The way I understand talking with the groundswell is by going through the four techniques for talking with the groundswell and giving examples;
1. Viral videos- post a video online and let people share it. For example, George Wright the marketing director for Blendtec has cracked the code in his own unique way for talking to the groundswell. He created a customer brand through a video camera and a few dollars for materials. The video starred the CEO, Tom Dickson placing an iPhone into the blender and in less than a minute it turned to dust, he called it “iSmoke”. This video went viral on YouTube scoring 6 million views in the first week because Blendtec’s web expert posted the link on Diggs.com after setting up the video on Blendtec’s site (Li & Bernoff, 2011). These lead consumers to their website http://www.willitblend.com to form further relationships with customers.
2. Social networks-engage in social networks and user-generated content sites. Creating a personality within the social networking site is the simplest way to brand your product but it’s harder to get into a conversation. The key to succeeding in social networking is to help people spread your message and to measure the result. For example, Adidas and its agencies Isobar and Carat invited consumers to choose between two philosophies of soccer and two types of shoes when visitors went to their web page http://www.myspace.com/adidassoccer.com. The site is filled with opportunities to engage with visitors. Engaging paid off because the campaign for MySpace and Carat in a 2007 report called the “Never Ending Friending”-every $100,000 spent in advertising drove 26,000 people to become more likely to buy, based on their exposure to Adidas’s MySpace page. The consumer to consumer marketing is the effect that makes talking through social networks so powerful (Li & Bernoff, 2011).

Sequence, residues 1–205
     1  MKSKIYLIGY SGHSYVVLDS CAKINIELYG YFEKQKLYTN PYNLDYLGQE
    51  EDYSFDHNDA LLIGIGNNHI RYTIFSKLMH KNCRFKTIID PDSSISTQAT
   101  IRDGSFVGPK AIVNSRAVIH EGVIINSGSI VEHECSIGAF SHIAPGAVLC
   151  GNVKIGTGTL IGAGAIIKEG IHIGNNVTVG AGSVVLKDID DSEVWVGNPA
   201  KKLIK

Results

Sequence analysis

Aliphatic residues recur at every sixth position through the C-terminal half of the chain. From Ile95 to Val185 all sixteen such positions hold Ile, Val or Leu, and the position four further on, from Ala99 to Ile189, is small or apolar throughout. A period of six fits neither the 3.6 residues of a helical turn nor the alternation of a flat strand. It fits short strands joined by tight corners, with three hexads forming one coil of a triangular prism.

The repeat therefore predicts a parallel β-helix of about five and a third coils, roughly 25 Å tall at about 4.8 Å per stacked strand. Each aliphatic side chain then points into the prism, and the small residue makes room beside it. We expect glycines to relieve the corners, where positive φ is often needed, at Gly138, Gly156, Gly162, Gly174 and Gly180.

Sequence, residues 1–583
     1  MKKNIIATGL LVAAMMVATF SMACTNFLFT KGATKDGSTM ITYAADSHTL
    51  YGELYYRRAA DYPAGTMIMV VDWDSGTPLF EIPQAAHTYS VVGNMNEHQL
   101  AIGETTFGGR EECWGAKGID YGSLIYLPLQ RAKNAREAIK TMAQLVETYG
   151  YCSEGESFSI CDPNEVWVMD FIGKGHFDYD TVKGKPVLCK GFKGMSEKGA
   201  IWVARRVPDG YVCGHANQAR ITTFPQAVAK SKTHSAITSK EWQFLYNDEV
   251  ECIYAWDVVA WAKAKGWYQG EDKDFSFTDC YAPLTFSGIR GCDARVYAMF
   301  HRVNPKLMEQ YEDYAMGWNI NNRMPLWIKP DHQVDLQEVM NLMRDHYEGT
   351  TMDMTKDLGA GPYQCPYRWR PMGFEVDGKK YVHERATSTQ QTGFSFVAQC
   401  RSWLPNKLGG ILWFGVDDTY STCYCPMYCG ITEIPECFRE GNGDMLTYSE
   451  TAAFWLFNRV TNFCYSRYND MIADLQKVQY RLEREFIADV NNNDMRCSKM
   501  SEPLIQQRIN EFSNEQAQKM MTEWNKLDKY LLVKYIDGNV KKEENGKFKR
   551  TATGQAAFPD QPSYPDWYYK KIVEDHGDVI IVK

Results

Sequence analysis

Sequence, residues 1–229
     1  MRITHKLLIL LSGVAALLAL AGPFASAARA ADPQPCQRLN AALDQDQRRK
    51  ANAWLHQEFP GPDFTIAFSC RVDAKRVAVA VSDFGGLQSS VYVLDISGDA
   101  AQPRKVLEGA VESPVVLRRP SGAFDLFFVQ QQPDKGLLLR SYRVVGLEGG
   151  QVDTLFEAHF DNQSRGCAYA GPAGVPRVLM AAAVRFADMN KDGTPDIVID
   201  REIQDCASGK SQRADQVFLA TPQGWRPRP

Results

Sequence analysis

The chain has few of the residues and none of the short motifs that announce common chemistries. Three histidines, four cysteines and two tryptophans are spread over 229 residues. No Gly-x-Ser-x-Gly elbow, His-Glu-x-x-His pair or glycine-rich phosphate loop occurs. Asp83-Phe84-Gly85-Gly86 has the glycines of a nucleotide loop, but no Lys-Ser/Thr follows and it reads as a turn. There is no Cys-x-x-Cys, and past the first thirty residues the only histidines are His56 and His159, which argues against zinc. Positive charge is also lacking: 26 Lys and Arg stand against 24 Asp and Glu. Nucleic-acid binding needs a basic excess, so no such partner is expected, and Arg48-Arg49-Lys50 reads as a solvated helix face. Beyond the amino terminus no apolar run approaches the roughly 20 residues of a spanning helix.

Branding on social networks is not for everyone; this is only one way to reach customers. Here is some advice when considering; use the social technographics profile to see if potential customers are in social networks. Age matters because some will already be involved in networks; move forward if people love your brand. For example, Victoria Secret etc. have loyal followers who will friend them; see what’s out there already. Some people might have a fan page (not by the company) or networks setup before the company gets involved. For example, Mountain Dew addicts group on MySpace had almost 5,000 members; or create a presence that encourages interaction. Your fans want to engage with you on your Facebook page, what will you put on your page? How will this help spread the message of you brand? Having staff to responsible for programming will help because they can build the webpage up and get potential customers involved.
3. Blogs-join the blogosphere. Blogging is another way to talk to groundswell if you’re ready to make a longer term commitment to you customers. Encourage your executives and staff to write blogs because they are perfect candidates to talk about it, they are knowledgeable. For example, Vince Ferraro, an HP vice president who heads worldwide marketing for HP’s LaserJet printers started a blog on how to solve a problem customers were having with their product Vista LaserJet. This opened up communication because customers were able to comment and ask questions about the product. Ferraro responded to the customers with more details on his blog and by starting other blogs. HP now has over 80 executive blogs, on topics from storage and mobility to small businesses (Li & Bernoff, 2011).
4. Communities-create a community. This is a way to engage and deliver value to your customers. For example, Procter & Gamble found a unique way to use communities to talk to a very challenging collection of customers. Bob Arnold is part of the feminine care products to young girls at P&G and he and the team needed to find a way to speak to their customers because traditional advertising was not working. They came up with a website called beinggirl.com to solve girls’ problems instead of marketing to them. This is a community about everything that young girls deal with (Li & Bernoff, 2011).
Li, C., & Bernoff, J. (2011). groundswell. Boston, Massachusetts: Forrester Research Inc.